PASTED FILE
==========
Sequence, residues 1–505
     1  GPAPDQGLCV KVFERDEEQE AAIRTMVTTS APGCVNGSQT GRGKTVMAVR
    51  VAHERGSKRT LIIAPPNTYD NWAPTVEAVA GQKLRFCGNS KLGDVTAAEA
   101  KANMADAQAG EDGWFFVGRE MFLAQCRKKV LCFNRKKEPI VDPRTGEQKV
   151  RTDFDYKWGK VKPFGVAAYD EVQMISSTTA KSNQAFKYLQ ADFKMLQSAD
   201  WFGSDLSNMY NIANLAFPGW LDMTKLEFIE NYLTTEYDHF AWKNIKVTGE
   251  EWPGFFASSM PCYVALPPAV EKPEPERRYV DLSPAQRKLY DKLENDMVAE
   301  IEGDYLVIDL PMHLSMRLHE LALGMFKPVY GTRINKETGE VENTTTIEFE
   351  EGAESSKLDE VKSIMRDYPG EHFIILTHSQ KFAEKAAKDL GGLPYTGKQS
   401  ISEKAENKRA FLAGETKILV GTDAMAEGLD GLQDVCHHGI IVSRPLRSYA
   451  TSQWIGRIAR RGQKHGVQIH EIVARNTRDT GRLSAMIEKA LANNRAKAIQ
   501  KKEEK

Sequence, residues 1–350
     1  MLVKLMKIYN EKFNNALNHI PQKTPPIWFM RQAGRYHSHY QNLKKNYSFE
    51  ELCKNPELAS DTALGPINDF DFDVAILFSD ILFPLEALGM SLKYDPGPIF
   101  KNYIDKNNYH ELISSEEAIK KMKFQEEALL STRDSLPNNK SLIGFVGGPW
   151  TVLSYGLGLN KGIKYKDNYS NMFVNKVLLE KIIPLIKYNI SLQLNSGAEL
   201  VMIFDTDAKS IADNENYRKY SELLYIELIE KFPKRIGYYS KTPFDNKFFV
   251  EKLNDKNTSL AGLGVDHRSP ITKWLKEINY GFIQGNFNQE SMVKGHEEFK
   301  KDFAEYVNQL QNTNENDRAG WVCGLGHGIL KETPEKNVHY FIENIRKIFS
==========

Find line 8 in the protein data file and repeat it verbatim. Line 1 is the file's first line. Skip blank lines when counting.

   301  IEGDYLVIDL PMHLSMRLHE LALGMFKPVY GTRINKETGE VENTTTIEFE